"She knows my voice," says Blake, "I love that." 

Four weeks early, Cedar weighed 11 pounds because Blake's diabetes caused the baby to grow too fast. Southcentral flew her from Naukati, a logging town on Prince of Wales Island near Ketchikan. Southcentral, with more than 60 percent of deliveries high risk, has become adept at such births, says Dr. Matthew Hirschfeld,  director of maternal and child health. 

It also launched a "new generations" program with home visits by a nurse and help with breast-feeding and to reduce neglect.

"Moms feel more support so they don't have to turn to drugs and alcohol and tobacco," says Hirschfeld. 

Thirty years ago, Alaska had the highest fatality rate in the nation for newborns to 28 days. As of last fall, it had moved from worst to best. In the education center, leaders for a group called the Family Wellness Warriors discuss domestic violence. More than half of Alaska women, and an even higher share of Alaska Native women, experience sexual or domestic violence, and the rates of child abuse are high, according to state surveys. 

"We have to talk about this," says one young man. 

After beatings at home, Marilyn Tom, 37, arrived at Southcentral's women shelter with only six teeth. The program sent her for dental work and gave her safe housing while she got her driver's license and prepared for the University of Alaska.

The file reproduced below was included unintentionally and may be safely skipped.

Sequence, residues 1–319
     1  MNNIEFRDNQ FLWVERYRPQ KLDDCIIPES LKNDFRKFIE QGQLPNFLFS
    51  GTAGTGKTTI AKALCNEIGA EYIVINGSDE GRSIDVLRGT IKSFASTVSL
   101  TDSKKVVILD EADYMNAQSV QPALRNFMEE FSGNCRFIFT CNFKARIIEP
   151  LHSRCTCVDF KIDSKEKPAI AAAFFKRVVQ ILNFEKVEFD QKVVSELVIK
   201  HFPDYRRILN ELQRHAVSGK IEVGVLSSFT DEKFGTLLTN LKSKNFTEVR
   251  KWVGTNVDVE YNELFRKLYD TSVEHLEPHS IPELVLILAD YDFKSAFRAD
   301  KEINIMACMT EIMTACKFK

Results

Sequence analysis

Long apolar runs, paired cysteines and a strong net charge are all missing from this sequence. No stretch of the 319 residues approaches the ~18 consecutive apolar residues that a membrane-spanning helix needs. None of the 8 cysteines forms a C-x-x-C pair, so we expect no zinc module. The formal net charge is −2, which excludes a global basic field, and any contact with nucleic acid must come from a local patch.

"I want to live my own life without being told what to do," says the mother of four. 


Southcentral's approach has paid off. By keeping better tabs on patients, often with email and texts, doctors reduce unnecessary visits. And because patients usually get appointments the day they call, they turn to the emergency room less for primary care. 

Decreases in the last decade: ER visits, 40 percent; hospitalizations, 75 percent; specialty care, 65 percent; routine doctor visits, 30 percent. 

That's cut costs, allowed Southcentral to operate on an annual 2 percent increase in IHS funding, now at $94 million -- even with a 7 percent annual increase in patients. 

The organization also has made headway on its core goals. Binge drinking, strokes, heart disease and cancer rates all have plunged among Anchorage-area Natives to about the national average. 

Southcentral last fall was among three health institutions selected for the 2011 Malcolm Baldrige National Quality Award, the highest presidential honor to organizations of all kinds for performance excellence. 

Still, Gottlieb, the president, says Southcentral always looks for ways to get better. It's built on relationships, and they "are messy," she says. The system is now focused on giving more patients quicker access to its behavioral health services and gearing up for aging baby boomers with chronic health problems. 

"We know what is coming because we have all the data on our population," she says. 

Zimmer's team checked in with James to make sure he saw the dentist and eye doctor. He got glasses and will get braces. When his allergies flared into bronchitis, it was Zimmer who helped. 

James is home schooled, but he skied cross-country for his public school and throws the discus for track. He helped produced an award-winning TV commercial on suicide prevention. 

He sees a behavior health specialist once a month. 

"He's had a pretty tough life," says Linda Starbard, his aunt. So far, though, he doesn't want counseling. 

"They don't want to force him," she says. "You have to wait until he's ready."

This story was originally published on The Oregonian.